Gaumhin’s determined and kind countenance granted a something like assuagement from her many scruples, and she gloried in his benevolent solicitude with all the reprieve that her beleaguered heart could admit. She effected to smile, endeavouring to match her brother’s confidence, but the sudden solicitation from her grandmother saw the return of all previous agitations.    
“My darling Blinne,” cried Ms MacLachlann upon seeing her grandchild with red eyes. Instantly did she place the pot in her hands aside and come to the child’s aid. “What happened? Have you hurt yourself? Did something frighten you? Tell me what it was that upset you.”
Blinne would have told the whole, but her hand was being pressed, penetrating looks with Gaumhin were exchanged, and she found that she could say nothing that would pronounce her father as an evil. Another look entreated her to divulge her distress. She wished Gaumhin would speak first, that he might convey her father’s disciplinary measures as objectionable, but Gaumhin could say nothing to diminish the son of the woman who had accepted him as a son himself, and Blinne could not cultivate enough of her courage to speak against her father. She only insisted that she was very well and that whatever had disconcerted her had gone, though her partial smiles spoke a very different conviction.
A glance of vicious abhorrence at the father as he closed the grate to the furnace and took up his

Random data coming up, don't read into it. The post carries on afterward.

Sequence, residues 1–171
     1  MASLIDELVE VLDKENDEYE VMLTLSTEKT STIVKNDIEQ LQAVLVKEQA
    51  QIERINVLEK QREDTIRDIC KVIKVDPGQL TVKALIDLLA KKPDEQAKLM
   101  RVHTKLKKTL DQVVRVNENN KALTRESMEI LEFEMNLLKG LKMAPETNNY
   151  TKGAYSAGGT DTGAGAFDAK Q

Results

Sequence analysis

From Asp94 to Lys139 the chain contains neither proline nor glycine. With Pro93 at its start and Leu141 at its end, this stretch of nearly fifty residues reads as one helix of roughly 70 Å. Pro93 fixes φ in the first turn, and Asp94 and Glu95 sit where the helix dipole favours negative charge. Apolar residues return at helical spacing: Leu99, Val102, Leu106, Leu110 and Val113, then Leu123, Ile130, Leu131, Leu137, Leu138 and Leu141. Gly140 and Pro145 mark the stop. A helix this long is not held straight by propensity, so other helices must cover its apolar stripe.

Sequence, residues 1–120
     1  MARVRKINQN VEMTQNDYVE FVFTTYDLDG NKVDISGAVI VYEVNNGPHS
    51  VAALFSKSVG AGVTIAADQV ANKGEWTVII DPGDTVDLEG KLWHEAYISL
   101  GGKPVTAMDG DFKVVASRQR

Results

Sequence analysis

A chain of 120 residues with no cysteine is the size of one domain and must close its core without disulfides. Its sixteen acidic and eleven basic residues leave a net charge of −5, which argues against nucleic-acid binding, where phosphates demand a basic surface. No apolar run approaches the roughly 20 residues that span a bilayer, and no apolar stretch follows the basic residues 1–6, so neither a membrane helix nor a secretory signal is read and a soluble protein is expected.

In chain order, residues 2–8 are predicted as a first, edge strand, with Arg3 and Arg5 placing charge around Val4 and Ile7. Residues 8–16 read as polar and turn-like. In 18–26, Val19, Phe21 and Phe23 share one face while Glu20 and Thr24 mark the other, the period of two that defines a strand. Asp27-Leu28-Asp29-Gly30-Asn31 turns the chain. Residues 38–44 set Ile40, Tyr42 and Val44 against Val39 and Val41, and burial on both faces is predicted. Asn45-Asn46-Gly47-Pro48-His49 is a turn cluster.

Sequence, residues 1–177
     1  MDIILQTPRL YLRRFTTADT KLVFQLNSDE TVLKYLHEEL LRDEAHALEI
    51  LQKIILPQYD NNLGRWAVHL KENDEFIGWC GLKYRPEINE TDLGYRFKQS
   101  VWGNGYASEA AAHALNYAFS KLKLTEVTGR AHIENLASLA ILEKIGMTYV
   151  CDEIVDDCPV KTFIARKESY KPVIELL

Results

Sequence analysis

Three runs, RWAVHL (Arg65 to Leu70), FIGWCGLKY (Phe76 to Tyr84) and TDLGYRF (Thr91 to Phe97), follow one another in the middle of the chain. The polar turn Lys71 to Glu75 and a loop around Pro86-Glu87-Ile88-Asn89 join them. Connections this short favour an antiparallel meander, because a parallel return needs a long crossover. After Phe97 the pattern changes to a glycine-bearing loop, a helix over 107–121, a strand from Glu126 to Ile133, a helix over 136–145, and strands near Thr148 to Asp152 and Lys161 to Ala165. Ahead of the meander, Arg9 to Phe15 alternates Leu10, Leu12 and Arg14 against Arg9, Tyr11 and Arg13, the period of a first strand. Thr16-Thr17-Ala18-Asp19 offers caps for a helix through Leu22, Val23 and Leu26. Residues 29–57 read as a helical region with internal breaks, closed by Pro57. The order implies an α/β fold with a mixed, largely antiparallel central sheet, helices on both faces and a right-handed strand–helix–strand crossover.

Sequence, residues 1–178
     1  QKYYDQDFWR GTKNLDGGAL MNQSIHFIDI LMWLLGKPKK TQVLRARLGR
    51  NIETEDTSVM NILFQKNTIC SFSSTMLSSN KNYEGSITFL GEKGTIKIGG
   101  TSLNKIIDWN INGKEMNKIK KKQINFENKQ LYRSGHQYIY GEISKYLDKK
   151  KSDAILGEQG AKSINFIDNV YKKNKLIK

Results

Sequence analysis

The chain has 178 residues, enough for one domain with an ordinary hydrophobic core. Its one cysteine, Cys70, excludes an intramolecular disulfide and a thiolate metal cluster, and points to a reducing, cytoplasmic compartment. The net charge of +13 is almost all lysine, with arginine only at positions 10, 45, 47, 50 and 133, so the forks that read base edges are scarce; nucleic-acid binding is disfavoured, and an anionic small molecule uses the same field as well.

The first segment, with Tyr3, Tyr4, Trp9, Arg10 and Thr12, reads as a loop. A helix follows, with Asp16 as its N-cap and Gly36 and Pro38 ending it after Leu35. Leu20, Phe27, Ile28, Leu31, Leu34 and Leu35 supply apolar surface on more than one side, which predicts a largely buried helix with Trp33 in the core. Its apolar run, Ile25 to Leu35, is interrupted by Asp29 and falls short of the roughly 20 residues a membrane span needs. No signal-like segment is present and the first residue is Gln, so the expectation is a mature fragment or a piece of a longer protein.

book once more, and Gaumhin governed himself enough to say, “Ahm gonnae go upstairs for a moment.” He took up Peig from the ground and gave her over to Blinne, charging her to look after her for a few minutes, and standing and taking a prolonged inhale, he took the small bowl of oats that was left over from the afternoon from the counter, exhaled and walked into the front room. His gaze tapered in smoldering rage, his blue eyes simmering beneath his bent brow as he spied the father, who seemed inclined to forget the boys again now that he had done with scolding them; Ossin and Irall played together in the corner, glancing over their shoulders at their father as though afraid of his constant invigilation, and the father made no attempt to allay their fears or even to join them. They had dissented, he had made an example of the instigator, and this was enough to satsisfy the paternal proclivity. Desperately did Gaumhin want to decimate this man for so cruelly reproaching his child, a child which he knew to be the most generous and affable and obliging under any other circumstance and who was undeserving of the admonition he had received. A retaliation on the father could easily be done from his current position, partially screened, as he was, by the darkness of the room. An arm around the father’s neck and a few firm jolts should have easily done the business and rid them of the one responsible for ruining all their family peace. He was much larger than the father and in possession of immense might—a moment’s struggle would see the end of all their fears, but any repudiation against the father should have Gaumhin expelled from the house, and then he would neither be able to defend nor care for the children who so desperately needed his affection. Fancying, as he could, two hands crushing the father’s lithe neck was all the hostility that Gaumhin allowed himself, and without being detected by the boys or being descried by the father, Gaumhin slipped past the furnace and crept up the steps, to find Feidhlim sitting in the far corner of the upstairs room, his gaze distant as he looked out at the adjoining slope, his complexion crimsoned over, his eyes glistening and unblinking as fading tributaries lined his abysmal aspect.